“Just the offense stuff was much harder this year, I think. The pool stuff and the workout yesterday was harder than what we did last year. But, on ice, I think it’s pretty much the same. Same coaches, so it’s been much like last year.”- Jordan Caron at Development Camp, Wilmington, Mass.; July 6-10

“I think I gotta work on my speed again and my explosion. If I can do that, I think everybody here is gonna have his chance. So I gotta keep working out and going on the ice a lot to make sure I’m ready in September.”- Jordan Caron at Development Camp

"Being on (Team Canada) was huge for me. It was a big goal to make that team and be able to play with so many of the best players in the world. It was a great experience, even though we didn't win. I think it helped me a lot to have a chance to make the NHL this year, and it taught me that I gotta keep working hard and working on my game."- Jordan Caron at Development Camp

"Jordan's quiet; he's not going to tell you that he knows the expectations are there. But I just like their (Caron and Joe Colborne) daily approach; it's no-nonsense, it's I want to get better, I need to get better. Recognizing that I need to get better, and that's an important aspect of anyone's development curve. And I think that it sets a great example for the rest of our guys. If we can find the guys that have been earmarked as first-round selections who set the bar for everybody else, then we're heading in the right direction. But I would expect that regardless of what round you're drafted in, each and every one approaches it that way, then we're headed in the right direction as well."- Bruins Assistant GM Don Sweeney at Development Camp, Wilmington, Mass.; July 6-10, 2010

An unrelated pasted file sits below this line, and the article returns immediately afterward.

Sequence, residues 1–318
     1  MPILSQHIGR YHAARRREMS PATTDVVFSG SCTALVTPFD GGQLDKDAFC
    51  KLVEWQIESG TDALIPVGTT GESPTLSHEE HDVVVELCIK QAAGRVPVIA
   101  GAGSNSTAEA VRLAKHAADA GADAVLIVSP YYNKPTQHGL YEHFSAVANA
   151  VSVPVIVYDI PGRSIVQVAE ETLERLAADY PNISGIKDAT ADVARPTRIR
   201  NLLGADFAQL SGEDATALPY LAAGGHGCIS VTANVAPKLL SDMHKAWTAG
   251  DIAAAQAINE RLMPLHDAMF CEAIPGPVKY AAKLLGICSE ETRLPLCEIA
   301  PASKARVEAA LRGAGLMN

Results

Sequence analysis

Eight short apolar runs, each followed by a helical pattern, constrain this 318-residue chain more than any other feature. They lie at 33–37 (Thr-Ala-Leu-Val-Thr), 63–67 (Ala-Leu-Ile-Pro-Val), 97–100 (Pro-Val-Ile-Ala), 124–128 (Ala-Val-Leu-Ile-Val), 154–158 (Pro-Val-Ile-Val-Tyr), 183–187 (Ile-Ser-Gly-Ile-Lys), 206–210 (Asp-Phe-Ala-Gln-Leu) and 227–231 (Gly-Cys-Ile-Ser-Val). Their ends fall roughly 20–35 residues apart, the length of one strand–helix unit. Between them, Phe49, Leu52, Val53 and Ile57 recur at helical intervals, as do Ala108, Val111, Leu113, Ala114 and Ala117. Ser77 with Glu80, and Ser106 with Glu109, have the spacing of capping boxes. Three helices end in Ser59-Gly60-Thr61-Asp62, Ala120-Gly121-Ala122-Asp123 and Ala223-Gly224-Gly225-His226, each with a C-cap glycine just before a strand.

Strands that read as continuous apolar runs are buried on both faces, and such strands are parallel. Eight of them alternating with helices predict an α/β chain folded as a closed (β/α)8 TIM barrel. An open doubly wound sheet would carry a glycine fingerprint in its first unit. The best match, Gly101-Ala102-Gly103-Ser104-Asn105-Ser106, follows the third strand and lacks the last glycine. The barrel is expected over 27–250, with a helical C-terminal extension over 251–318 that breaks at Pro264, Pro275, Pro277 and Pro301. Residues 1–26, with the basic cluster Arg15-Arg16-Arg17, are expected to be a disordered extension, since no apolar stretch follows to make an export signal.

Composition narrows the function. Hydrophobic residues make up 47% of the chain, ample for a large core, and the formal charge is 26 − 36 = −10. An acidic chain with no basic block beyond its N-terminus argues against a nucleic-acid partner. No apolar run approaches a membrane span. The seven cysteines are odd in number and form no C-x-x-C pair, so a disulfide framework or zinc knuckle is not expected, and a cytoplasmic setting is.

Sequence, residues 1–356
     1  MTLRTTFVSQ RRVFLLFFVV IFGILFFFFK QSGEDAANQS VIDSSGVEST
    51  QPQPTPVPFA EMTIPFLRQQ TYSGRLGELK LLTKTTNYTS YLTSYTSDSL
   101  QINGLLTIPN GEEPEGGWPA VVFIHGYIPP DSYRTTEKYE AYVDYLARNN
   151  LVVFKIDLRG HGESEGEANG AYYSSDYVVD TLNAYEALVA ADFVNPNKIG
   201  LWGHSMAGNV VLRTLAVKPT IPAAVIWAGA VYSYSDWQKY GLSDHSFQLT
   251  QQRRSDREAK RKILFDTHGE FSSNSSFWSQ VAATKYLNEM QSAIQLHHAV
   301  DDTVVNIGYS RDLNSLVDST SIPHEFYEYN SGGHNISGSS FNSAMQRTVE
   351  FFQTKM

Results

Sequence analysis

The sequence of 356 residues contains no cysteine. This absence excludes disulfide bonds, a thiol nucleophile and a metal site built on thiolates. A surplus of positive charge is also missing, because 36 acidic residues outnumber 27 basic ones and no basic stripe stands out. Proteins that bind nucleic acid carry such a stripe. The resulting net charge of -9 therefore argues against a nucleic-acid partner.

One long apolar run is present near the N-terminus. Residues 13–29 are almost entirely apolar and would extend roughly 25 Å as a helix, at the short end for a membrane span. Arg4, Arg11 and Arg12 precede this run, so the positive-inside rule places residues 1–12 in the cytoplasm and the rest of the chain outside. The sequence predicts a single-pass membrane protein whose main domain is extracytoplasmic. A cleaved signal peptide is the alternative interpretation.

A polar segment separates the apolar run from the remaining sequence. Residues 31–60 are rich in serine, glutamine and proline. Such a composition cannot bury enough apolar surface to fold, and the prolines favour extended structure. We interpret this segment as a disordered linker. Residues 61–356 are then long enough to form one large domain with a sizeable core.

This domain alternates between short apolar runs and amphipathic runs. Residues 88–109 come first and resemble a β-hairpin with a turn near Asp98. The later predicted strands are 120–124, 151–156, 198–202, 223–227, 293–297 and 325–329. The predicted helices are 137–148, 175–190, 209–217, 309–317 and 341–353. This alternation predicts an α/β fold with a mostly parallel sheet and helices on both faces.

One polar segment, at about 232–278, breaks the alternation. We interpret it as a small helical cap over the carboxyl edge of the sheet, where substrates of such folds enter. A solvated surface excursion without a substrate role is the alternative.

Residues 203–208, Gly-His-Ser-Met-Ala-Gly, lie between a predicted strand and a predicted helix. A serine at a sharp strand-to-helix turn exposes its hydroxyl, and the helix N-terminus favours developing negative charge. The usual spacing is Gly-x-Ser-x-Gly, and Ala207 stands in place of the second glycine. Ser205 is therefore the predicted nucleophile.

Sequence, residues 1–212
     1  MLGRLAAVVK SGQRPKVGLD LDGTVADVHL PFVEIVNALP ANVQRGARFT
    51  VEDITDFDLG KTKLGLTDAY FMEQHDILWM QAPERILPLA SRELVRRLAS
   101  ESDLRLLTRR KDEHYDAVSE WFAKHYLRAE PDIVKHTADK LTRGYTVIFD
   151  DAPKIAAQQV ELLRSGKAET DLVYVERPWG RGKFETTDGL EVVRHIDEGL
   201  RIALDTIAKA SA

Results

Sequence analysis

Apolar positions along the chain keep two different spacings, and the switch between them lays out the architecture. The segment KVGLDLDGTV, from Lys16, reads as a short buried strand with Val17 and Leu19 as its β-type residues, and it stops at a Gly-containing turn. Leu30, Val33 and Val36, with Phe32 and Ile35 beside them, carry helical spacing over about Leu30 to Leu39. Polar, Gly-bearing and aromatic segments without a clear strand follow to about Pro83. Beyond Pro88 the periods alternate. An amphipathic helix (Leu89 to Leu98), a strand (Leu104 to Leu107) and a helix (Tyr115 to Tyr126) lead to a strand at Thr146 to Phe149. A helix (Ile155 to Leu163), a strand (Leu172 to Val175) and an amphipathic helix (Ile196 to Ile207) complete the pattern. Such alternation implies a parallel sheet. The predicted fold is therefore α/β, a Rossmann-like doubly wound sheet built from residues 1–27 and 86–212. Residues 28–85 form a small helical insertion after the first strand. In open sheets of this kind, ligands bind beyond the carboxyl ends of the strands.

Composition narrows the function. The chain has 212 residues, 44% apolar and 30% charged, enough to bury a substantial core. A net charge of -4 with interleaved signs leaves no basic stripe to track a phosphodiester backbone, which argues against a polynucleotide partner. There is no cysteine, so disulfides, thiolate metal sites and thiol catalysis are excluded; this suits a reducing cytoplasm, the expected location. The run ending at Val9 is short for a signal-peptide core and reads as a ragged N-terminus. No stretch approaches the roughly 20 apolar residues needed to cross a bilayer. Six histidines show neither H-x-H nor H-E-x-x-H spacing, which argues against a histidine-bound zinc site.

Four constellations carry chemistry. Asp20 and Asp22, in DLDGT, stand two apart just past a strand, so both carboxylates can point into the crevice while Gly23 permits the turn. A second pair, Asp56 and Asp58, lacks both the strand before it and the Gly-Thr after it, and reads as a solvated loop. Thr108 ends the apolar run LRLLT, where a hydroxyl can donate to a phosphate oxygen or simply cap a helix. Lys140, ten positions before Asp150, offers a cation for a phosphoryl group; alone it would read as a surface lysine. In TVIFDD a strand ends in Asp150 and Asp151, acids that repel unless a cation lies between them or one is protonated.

The Final Word
Caron did well last season to bounce back from that collarbone fracture that cost him the first month-and-a-half of the QMJHL campaign. It says a lot for him that even after missing significant time, he was still able to nail down a spot on Team Canada for the World Jr. tourney, so he has a lot of confidence in his game and the ability to get his foot in the door. That said, while he's a player who has a good chance of making the Boston roster, he'll need to show the coaches a continued dedication to improvement between now and the September camp. Remember, he'll be a rookie in terms of facing off against NHL competition because he was unable to participate in any of the on-ice work at main camp a year ago because of the injury he sustained at Team Canada camp in August. Because Caron is a big body who brings an offensive element to the table, he could secure a spot with the Bruins on the lower lines, but he'll have his work cut out for him. He may be better off at least starting the year in Providence where he can get top-six forward ice time and gain some confidence as opposed to being thrown into the mix with the big club right away. But all of that will clearly depend on how well he performs at camp and in the preseason. Expect him to get a pretty long look and be one of the final cuts, if he is to at least start his pro career in the AHL. In all likelihood, Caron is being groomed to make a contribution to the B's fortunes sooner rather than later, and even with the drawbacks in his skating, he could earn an NHL look in short order.